AT&T Sells You A Service They Don't Offer, Denies It, Bills You Anyway

This is like one of those ghost stories where the hero joins up with a fellow traveler, and then at the end of his journey discovers that his travel companion never existed. Oooooo! Only it’s about AT&T, so instead of being spooky it’s just annoying. Especially the part at the end where he receives a bill.

It started when Scott received a mailer offering a deal on a bundled service package from AT&T. He didn’t want the package, but did want landline service, so he called the number on the flyer and set up a new line. The CSR told him to plug in his phone, and on the day of activation AT&T would do the rest.

Several days after activation, when there was still no dial tone, Scott called back, only to be told that he’d never called them.

No matter how she looked up my order, she couldn’t find it. After being placed back on hold for a short time, she returned with what she believed to be the reason for my residential telephone problems. “Mr. Abel, the reason why I can’t find your order in our system is that AT&T does not provide residential service in your area,” she declared. “Only Verizon services your area. You probably called them and mistakenly thought you called AT&T,” she added.

WTF? I was certain that I had responded to an AT&T offer for residential phone service. And, I was absolutely sure it was not a Verizon offer. After all, I defected (with much joy) from Verizon several years earlier when I purchased the first generation iPhone, which only AT&T was smart enough to support. I recall the Verizon representative trying to convince me to stay with Verizon because if I ended my contract early, I would have to pay a cancellation fee. I didn’t mind. I paid the fee and went directly to the Apple store. “So, if I didn’t call Verizon accidentally,” I asked the customer service agent, “how else might this situation happened?” Her short answer was … it didn’t happen. AT&T doesn’t have an order for my address nor do they provide service to Palm Springs, CA (the city in which I live).

Unsatisfied (and starting to get a little irritated) I asked to be transfer to a supervisor. Several minutes later another customer support person got on the line and identified herself as the ‘supervisor”. I went through the entire story with her. She looked up my information in her database. Still, nothing. No record of residential telephone service ever being ordered. I thanked her and hung up.

Scott tried escalating the call to a supervisor, but he found himself facing off against a particularly stubborn CSR who refused, then eventually hung up on him. The next day he talked to someone else, who believed Scott’s story that he’d successfully ordered service even though there was no record of it anywhere in the system. He eventually passed Scott up to a supervisor.

I explained my entire situation. He said he totally understood how frustrating this was for me and that he was sorry I had to waste time trying to decipher what was going on. After a quit bit of research, he determined that AT&T doesn’t provide residential service in my area. However, that didn’t stop the residential sales team from placing my order, nor did it prevent the company from automatically generating a welcome letter. It did, however, prevent the company from actually activating my telephone service, which, as it turns out, is only available in my neighborhood from my previous carrier, Verizon.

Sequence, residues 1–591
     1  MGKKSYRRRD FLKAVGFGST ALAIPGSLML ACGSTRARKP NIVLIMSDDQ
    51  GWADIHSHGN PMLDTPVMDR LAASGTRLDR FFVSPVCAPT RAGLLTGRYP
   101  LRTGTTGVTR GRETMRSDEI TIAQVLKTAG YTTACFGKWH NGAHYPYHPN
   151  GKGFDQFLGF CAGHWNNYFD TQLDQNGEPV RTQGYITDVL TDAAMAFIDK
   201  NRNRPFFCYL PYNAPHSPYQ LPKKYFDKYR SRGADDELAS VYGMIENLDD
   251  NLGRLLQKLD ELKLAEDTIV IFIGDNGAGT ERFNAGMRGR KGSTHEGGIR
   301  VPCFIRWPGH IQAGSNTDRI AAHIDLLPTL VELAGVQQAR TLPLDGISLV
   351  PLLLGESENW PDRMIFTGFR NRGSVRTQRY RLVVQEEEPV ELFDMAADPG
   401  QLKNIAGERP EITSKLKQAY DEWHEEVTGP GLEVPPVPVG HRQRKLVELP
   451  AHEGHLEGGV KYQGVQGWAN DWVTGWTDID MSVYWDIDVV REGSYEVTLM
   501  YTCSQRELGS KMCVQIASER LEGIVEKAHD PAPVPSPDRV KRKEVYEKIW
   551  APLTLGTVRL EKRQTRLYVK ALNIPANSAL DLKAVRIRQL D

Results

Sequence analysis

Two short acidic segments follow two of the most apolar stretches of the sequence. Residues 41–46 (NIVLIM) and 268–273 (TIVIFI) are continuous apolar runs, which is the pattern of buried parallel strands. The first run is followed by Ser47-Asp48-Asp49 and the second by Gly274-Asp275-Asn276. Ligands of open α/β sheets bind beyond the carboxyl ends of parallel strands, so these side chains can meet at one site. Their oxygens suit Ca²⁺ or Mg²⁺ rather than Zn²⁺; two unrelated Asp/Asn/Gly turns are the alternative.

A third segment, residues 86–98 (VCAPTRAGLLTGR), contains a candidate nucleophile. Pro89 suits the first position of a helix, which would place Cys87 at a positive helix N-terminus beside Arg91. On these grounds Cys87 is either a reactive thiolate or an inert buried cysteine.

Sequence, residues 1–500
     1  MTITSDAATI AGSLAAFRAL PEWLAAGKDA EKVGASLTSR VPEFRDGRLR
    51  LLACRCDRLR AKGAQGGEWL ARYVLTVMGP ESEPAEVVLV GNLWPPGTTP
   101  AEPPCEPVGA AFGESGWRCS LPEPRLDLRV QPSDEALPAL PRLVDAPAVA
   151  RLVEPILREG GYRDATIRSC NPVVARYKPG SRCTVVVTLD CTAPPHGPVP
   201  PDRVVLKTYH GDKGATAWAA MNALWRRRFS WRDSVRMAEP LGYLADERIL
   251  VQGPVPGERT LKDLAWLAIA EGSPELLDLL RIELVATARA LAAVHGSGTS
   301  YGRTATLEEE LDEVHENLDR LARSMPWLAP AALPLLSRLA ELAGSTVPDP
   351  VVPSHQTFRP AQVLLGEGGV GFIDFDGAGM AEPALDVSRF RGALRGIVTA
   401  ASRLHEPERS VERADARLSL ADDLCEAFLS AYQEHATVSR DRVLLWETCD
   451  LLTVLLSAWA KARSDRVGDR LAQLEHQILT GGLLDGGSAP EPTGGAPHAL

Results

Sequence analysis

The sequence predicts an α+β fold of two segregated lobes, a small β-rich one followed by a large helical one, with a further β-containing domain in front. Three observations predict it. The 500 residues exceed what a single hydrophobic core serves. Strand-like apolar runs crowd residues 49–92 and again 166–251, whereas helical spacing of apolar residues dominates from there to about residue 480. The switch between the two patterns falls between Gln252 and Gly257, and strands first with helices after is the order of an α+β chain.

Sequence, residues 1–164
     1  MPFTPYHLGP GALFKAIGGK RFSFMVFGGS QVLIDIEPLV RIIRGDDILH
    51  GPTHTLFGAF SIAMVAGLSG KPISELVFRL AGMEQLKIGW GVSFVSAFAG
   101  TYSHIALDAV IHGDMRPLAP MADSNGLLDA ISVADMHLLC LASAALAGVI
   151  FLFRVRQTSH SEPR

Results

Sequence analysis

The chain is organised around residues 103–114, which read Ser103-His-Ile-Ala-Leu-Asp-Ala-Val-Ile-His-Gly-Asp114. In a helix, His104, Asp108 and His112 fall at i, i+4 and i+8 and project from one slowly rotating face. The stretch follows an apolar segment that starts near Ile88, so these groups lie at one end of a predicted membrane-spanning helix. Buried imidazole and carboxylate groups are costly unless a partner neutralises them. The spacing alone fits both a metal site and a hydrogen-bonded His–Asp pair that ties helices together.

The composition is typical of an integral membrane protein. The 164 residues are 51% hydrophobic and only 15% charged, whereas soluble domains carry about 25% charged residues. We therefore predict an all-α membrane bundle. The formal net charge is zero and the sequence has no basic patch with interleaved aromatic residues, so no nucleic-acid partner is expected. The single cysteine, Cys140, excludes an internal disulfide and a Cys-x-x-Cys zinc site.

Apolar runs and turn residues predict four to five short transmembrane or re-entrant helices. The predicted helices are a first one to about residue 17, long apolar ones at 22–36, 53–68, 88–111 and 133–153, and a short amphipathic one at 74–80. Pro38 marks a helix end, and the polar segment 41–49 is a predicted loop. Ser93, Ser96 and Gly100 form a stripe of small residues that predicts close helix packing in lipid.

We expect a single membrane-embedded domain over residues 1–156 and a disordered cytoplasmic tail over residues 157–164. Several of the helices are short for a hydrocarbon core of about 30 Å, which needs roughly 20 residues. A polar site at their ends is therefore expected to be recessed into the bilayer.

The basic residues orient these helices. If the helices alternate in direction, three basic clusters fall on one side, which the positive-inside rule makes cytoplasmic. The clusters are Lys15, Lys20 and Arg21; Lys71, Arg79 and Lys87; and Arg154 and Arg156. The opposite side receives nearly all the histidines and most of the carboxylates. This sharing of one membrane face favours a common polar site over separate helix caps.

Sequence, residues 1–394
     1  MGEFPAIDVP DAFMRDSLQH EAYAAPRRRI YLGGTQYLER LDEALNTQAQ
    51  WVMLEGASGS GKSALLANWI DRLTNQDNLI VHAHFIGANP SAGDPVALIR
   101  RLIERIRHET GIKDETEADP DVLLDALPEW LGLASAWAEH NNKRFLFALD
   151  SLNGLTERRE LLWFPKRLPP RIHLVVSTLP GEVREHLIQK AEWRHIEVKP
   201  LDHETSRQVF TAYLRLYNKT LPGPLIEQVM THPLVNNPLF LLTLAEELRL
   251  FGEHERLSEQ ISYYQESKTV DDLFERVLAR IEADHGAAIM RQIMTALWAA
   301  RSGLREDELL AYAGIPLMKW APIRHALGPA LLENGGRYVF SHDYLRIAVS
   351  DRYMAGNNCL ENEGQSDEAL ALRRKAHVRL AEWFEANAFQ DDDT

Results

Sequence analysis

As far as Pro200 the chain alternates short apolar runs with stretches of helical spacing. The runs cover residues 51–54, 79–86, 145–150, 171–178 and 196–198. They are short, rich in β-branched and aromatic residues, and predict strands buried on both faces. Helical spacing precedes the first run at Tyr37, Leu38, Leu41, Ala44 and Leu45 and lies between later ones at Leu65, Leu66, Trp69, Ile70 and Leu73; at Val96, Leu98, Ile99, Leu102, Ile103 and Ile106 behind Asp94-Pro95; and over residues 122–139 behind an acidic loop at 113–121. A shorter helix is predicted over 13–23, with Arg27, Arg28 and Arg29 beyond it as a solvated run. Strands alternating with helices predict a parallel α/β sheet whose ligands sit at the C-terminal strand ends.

According to the supervisor, who was extremely candid (a characteristic I appreciate), AT&T is full of silos. One department cannot see all of the information AT&T has about an individual customer. There’s no unified, single customer view for sales and support agents to utilize. Instead, they are guided by written scripts designed to help them obtain the information they need to complete computer-enabled order forms, which run on various computer software applications that-you guessed it-don’t talk to each other. So while the marketing department at AT&T shouldn’t be promoting services in areas in which they don’t provide service, my situation is proof that they do. And, while systems designed to process orders shouldn’t allow orders to be placed in areas where AT&T does not provide service, my situation is proof that they do, at least partially.

Here are some lessons to learn from this story. First of all, every encounter with a CSR is a unique amalgam of your two personalities, the time of day, how upset they are from the previous caller, etc. If you get a bad one, don’t give up; just try again later. Second, be polite—Scott wasn’t a pushover, but he kept (most of) his emotions out of it, which probably helped him find out more when he called back the next day.

The third takeaway is really just a confirmation of something that has longed bothered me, which is that every time a large company passes a new cost on to a customer, I wonder what internal inefficiencies they’re letting slide at the same time. As long as it’s easier to just hike prices, problems like this—that wasted hours of AT&T’s time and resources (not to mention marketing budget)—continue unchecked. If I were a shareholder, I’d be upset that these lasting internal problems were eating away at my profits.

Here’s the final, ridiculous end of Scott’s story:

Before I ended my call with AT&T, I asked the supervisor if he thought it were possible that I’d also receive an invoice for the residential service AT&T isn’t able to provide me. After all, I received a welcome letter even though the company isn’t providing me with service.

His response: “That wouldn’t surprise me.”

The bill arrived a few days later.

“Hey AT&T! Buying Residential Telephone Service Shouldn’t Be This Hard” [The Content Wrangler]
(Photo: mrhayata)